chicago 17Anyone who knows me understands that I loathe bloodless music. Sappy lyrics, trite sentiment, and wimpy orchestration leaves me wanting to slit my wrists. During Desert Storm they blasted Poison over loudspeakers at the enemy to drive them crazy. Chicago, John Tesh, or Air Supply would make me surrender unconditionally just to Make. It. Stop.

I wasn’t even sure what the trigger was at first, but I knew I had it in my head after every phone conversation. What the hell was that about? Then it hit me: my ringtone! Ringtones, as you can imagine are the bane of my existence – a soundbite of music on repeat, a ready-made device of torture. I thought I had circumvented that problem by not using actual music for my ringtone: wind chimes. Great idea, right? But what if the first six random notes struck by those chimes sound almost exactly like the guitar intro to “You’re the Inspiration”? One wouldn’t necessarily notice, given the different mediums (chimes vs. guitar) or the key change. I’m still looking for a non-obnoxious, non-musical ringtone. If you have any suggestions, please let me know, but for God’s sake, text me, will you?


7. “Hey Ya” by Outkast

speakerboxxxI don’t even have to explain this one.

 

 

 


8. “The Hook” by Blues Traveler

fourOne interesting thing about me (I’ll tell you the other one at a later date) is that I married a man eighteen years my senior. We are disgustingly compatible except in two areas: politics and music. As far as music is concerned he is a snob that only listens to Classical. I admit this has been a very good thing for me–I have become acquainted with Brahms, Bizet, Smetana, Elgar, St. Saens, just to name a few favorites. But when it comes to me sharing music with him, he is totally uninterested. I can probably count on one hand the times he has actually listened to a song that I chose.

One of these instances happened just last week on vacation. We were talking about writing and the art of hooking a reader in the first few pages. This made me think of pop songs and the hook all the successful (earworms) have. Which obviously, brings me to Blues Traveler. Their song is ironic and funny, and goddammit, I haven’t been able to shake it since.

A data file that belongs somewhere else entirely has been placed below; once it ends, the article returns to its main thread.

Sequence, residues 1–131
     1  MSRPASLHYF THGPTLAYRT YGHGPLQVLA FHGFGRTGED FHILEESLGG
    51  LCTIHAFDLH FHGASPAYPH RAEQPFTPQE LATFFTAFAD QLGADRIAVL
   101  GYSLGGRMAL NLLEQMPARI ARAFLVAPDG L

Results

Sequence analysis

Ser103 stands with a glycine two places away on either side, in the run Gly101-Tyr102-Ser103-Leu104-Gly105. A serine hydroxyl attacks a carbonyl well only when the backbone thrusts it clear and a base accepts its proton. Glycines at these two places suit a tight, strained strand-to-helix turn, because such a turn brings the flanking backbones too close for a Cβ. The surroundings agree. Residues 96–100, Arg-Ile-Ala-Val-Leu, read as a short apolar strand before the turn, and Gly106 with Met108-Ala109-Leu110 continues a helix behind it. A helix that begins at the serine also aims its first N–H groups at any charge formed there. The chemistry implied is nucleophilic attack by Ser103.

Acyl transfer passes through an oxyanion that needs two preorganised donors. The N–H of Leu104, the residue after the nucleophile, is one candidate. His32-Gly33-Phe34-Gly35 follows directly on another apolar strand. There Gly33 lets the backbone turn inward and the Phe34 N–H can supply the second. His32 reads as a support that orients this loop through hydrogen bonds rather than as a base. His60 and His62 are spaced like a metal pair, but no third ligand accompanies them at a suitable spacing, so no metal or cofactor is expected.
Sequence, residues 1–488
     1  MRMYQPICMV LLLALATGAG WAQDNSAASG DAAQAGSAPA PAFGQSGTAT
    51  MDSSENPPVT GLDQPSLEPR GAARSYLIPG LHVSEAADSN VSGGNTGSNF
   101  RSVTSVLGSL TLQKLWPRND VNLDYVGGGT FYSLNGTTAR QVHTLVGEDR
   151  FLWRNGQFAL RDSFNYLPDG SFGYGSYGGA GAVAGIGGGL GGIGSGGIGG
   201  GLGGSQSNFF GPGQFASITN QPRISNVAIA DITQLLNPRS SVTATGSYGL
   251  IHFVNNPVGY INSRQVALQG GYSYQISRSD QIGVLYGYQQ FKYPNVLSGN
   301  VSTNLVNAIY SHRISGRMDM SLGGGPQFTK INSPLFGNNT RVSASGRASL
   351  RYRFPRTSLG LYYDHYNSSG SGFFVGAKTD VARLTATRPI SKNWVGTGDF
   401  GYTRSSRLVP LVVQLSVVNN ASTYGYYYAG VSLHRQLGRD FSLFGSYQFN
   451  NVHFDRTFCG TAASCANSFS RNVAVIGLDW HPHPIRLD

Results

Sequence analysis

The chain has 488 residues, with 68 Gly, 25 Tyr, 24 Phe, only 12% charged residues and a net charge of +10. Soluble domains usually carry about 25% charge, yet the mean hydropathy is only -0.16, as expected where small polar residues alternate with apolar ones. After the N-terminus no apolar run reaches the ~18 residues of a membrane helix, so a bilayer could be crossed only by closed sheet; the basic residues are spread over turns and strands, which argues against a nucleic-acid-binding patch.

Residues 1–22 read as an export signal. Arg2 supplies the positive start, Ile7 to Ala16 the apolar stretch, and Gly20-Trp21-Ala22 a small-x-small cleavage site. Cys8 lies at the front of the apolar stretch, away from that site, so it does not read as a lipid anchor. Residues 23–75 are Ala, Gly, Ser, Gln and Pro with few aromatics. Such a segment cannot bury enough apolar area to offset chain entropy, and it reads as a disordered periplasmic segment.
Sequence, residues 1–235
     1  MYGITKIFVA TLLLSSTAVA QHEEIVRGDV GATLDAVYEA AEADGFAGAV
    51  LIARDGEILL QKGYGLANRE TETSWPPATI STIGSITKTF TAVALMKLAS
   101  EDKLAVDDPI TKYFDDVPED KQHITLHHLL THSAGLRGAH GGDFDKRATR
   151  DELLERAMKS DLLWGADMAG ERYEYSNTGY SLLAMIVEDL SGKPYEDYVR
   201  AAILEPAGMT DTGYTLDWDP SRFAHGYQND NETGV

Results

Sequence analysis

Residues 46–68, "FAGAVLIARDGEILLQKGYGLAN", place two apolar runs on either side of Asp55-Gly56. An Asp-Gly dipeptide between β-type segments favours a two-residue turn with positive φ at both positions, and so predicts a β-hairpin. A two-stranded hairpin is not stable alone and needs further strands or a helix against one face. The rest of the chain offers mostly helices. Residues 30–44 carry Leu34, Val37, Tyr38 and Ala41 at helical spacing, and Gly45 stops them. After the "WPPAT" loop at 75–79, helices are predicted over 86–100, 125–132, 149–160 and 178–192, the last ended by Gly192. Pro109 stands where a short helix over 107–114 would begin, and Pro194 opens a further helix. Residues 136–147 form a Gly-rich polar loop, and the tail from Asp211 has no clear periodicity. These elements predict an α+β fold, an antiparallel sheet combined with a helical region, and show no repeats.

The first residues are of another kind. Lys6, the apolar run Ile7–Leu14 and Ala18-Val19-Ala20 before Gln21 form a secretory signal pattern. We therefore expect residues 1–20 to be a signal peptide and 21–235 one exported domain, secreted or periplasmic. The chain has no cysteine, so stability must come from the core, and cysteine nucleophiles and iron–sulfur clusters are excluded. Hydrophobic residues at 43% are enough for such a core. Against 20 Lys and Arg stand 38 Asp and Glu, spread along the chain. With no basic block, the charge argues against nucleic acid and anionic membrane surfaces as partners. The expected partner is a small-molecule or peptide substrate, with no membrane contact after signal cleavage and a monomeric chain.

The worst part is that I don’t actually know all the words and my brain is making up placeholders. For example, in the middle of this particular song is the line:

“I’ll do as I’ll decide and let it ride till until I’ve died”

which I can’t quite seem to remember and my brain makes it:

“I’ll do and I’ll sigh and let it rot until I die.”

And then, the HOOK BRINGS ME BACK. I ain’t tellin’ you no lie.


9. “Spiderwebs” by No Doubt

tragic kingdomI don’t mind No Doubt or Gwen Stefani all that much. But this song in particular is one that can be stuck for days, and usually not the lyrics… just the peppy little ska intro. Just that little bit. On continuous loop. All my waking hours. For days on end. Kill me.

 


10. “Telstar” by the Tornados

And finally, a completely instrumental song. The Tornados recorded Telstar in 1962.  I must have been in elementary school when I first heard it, and I thought it was about the coolest thing ever. It sounded like a Disney-fied version of what outer space should be.

To be honest, I forgot about it for decades. And then… my husband and I were binge watching Mad Men, and one of the episodes (Season 2, Episode 10, “The Inheritence”) closes with this song. While I still totally dig this song, after being set on repeat for, oh, 500 hours, it wears a little thin. Still, I’d take it over any of these others.


So there you have it. You now have the ultimate power to send me to the loony bin if you choose. There are some less than kind people out there who find my earworm affliction entertaining. I have actually had people try to plant things in my head for their own amusement. Those people are now dead.

You’ve been warned.